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Monday, December 17, 2007

Swing Trading . . .

Note: It should be noted that the following discusses TRADING. Not long term investing. Trading is short term speculation. Investing is long term, and much less speculative.

Swing trading, I have found, to be the style of trading that best fits my personality if I'm looking for a short-term trade. I'm not a hyper trader (the day trader) but on the other hand, when it comes to a trade I don't want to wait around for 6 months. Swing trading is more speculative (and thus, a little more risky). When it comes to trading? It's the style that I really love. Anywhere from 3 days to 14 days? And you're out of the trade. You really have to have your money management strategy nailed down in order to be a successful swing trader. But in my opinion, I believe it's very possible, and for myself? Less stressful.

A typical swing trade typically takes between a few days to two or three weeks. My average is around 7 days. Sometimes less, sometimes more.

The following was mentioned at Wikipedia's "Swing Trading" and I think, bears repeating:

"It should be noted that in either of the two market extremes, the bear-market environment or bull market, swing trading proves to be a rather different challenge than in a market that is between these two extremes. In these extremes, even the most active stocks will not exhibit the same up-and-down oscillations that they would when indices are relatively stable for a few weeks or months. In a bear market or a bull market, momentum will generally carry stocks for a long period of time in one direction only, thereby ensuring that the best strategy will be to trade on the basis of the longer-term directional trend.

The swing trader, therefore, is best positioned when markets are going nowhere—when indices rise for a couple of days and then decline for the next few days, only to repeat the same general pattern again and again. A couple of months might pass with major stocks and indices roughly the same as their original levels, but the swing trader has had many opportunities to catch the short terms movements up and down (sometimes within a channel).

Of course, the problem with both swing trading and long-term trend following is that success is based on correctly identifying what type of market is currently being experienced. Looking back over the past few years, trend following would have been the ideal strategy for the raging bull market of the last half of the 1990s, while swing trading probably would have been best for 2000 and 2001. With the 2002 bear market, the best strategy would have been to follow the trend and short everything in sight. As economists and traders would agree, the most accurate insight into trends is viewed in retrospect."


In other words, identify the right market for a swing trade, or even the right stock. The market lately? Has been extremely volatile. ALL over the place. This way and that. Just bouncing like a cat running through hot coals. Some swing traders, such as myself, find it difficult to profitably trade in such a market.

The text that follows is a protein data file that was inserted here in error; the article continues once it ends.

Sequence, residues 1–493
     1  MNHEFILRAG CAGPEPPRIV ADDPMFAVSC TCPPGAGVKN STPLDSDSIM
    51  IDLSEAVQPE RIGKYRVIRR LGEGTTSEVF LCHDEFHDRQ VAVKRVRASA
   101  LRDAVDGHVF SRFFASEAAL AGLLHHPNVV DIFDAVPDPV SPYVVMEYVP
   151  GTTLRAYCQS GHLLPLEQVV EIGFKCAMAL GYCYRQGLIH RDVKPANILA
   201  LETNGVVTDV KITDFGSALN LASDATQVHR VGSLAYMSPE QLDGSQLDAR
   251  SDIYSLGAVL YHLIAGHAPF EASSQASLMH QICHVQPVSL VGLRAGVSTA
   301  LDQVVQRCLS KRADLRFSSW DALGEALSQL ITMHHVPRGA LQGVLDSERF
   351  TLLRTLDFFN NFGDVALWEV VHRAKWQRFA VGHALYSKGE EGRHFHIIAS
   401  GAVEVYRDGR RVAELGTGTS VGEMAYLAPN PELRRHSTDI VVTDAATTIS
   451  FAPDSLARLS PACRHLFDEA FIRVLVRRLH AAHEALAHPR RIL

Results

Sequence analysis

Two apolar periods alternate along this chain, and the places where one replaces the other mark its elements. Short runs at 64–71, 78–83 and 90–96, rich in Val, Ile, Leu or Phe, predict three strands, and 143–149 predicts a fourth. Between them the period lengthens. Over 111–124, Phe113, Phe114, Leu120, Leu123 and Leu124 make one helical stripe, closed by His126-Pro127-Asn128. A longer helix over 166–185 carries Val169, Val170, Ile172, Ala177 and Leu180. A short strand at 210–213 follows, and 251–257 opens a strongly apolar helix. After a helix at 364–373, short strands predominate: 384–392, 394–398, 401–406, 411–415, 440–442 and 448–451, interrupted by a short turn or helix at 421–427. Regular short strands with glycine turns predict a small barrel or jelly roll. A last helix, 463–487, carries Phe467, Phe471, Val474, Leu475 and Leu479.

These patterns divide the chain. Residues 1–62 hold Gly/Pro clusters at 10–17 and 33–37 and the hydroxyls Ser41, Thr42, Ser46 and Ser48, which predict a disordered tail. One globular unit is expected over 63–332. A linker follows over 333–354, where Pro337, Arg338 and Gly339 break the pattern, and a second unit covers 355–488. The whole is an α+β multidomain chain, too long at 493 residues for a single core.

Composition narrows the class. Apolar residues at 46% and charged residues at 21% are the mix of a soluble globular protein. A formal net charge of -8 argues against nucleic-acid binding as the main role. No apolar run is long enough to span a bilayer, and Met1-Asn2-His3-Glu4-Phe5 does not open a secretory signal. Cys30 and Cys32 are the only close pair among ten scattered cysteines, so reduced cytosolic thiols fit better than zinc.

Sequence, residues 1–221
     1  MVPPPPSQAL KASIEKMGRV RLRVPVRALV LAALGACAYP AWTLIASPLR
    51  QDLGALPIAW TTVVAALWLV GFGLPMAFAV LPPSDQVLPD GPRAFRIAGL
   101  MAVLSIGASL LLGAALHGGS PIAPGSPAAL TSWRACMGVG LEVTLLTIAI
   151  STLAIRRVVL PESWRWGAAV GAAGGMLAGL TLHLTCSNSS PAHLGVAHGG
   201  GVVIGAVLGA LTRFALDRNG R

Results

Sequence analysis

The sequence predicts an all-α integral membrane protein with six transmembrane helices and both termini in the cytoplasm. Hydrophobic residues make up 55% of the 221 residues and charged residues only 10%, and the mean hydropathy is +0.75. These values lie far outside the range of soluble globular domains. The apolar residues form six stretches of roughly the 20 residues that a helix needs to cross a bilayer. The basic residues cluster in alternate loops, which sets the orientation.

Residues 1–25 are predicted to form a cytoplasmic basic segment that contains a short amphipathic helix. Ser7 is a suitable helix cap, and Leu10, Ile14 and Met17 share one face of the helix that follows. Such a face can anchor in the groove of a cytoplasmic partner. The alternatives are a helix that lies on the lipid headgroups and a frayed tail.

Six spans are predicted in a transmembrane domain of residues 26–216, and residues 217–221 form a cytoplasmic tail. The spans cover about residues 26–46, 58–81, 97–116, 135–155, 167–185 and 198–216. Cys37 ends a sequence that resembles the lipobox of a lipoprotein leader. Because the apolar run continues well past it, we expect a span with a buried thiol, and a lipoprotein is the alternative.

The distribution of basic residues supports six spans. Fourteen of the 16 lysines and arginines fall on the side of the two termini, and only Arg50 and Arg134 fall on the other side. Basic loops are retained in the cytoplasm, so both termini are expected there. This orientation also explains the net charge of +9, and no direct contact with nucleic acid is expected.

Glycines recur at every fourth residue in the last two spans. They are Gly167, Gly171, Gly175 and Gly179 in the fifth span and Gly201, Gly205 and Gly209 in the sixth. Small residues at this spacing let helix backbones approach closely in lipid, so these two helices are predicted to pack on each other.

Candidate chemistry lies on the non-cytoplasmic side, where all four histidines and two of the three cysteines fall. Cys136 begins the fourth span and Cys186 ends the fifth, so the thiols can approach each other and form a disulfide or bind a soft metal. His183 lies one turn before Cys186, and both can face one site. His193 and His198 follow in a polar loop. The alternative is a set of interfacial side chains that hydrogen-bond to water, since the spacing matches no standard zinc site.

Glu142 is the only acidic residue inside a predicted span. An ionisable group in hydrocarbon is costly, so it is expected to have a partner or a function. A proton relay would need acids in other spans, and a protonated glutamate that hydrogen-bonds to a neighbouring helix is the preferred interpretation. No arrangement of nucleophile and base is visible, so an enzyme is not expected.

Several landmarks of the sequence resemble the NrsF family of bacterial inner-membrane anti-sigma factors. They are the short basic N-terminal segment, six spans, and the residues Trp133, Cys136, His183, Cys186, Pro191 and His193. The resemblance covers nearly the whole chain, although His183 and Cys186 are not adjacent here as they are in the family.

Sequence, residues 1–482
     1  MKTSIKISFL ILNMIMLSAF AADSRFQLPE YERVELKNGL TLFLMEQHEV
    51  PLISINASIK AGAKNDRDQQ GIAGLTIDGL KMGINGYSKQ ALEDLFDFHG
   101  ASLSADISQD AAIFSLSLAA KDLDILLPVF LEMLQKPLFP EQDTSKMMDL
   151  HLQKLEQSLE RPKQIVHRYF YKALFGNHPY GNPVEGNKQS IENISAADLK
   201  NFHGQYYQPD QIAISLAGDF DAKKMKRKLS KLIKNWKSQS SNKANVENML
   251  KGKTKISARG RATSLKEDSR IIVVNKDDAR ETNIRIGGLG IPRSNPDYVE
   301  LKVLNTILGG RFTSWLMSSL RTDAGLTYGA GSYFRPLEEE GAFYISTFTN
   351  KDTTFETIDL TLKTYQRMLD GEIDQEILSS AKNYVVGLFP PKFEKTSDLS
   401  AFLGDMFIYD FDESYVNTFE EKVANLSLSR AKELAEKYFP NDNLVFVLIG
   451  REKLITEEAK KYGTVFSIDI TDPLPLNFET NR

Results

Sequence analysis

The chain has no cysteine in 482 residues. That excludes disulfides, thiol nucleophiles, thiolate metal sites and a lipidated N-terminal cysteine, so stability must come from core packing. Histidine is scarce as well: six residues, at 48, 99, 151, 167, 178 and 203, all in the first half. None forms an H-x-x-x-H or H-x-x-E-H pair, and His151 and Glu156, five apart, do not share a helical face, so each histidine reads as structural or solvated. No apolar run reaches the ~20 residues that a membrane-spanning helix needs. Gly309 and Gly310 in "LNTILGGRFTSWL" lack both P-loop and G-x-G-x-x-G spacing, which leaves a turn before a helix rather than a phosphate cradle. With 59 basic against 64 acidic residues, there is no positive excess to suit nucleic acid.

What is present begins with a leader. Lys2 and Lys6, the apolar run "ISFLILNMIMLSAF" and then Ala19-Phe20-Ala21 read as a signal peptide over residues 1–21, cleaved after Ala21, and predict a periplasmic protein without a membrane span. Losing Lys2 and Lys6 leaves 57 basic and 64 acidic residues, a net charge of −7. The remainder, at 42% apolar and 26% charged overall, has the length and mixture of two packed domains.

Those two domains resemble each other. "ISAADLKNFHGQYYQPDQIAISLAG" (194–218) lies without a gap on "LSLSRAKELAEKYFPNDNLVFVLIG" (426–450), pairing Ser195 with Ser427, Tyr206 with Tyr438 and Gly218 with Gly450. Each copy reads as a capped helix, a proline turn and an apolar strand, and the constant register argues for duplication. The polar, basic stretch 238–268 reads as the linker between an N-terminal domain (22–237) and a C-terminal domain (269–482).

I prefer finding nice quiet times, when I can just look for the nice up, down, up down. Just oscillating, fairly predictable stocks and markets.

Swing trading is a game of catching the 'swing' of momentum. Thus, it's a matter of following moving averages.

AVERAGES! Yes, that's right. This time in your life has arrived that they warned you about in High School. The time when making money would depend on math.

:)

Seriously, all moving averages do? Is average together the closing price of X number of days together in one price. A 3 day moving average? Averages the closing price of 3 days? Into one number. So today's 3 day moving average? Would average the last 3 days closing price - into the average number. Let's say 3 days ago, XYZ closed at 1. Yesterday, XYZ closed at 3. Today, XYZ closed at 5. Then what's the 3 day moving average for the day? That's right. 3. (3+5+1)/3 You can create a moving average for however many days. 3. 5. 7. 12. 2000. And when you look into EMA's (Exponential Moving Average), you find an even better friend. How does these averages help?

It allows the market to not seem so jumbled, and for you to get a better handle on what the actual 3, 5, 7 or however many days - the trend is. Remember the motto: The Trend? Is your friend. Trade with the trend.

What a swing trader does? Is try to find out when two trends collide, and then trade with the larger trend as it has the most momentum.

That's key.

Also, I talk alot about Dividends in my investing portfolio? But in swing-trading, dividends is sort of a non-issue - except that it makes the stock more attractive to investors, and thus can be a variable to help buoy the price, and you can swing trade. But if Dividends are vital to my investment portfolio? For my swing trading? Their impact is there? But negligible.

So what is my methodology? I'll discuss that tommorow . . .

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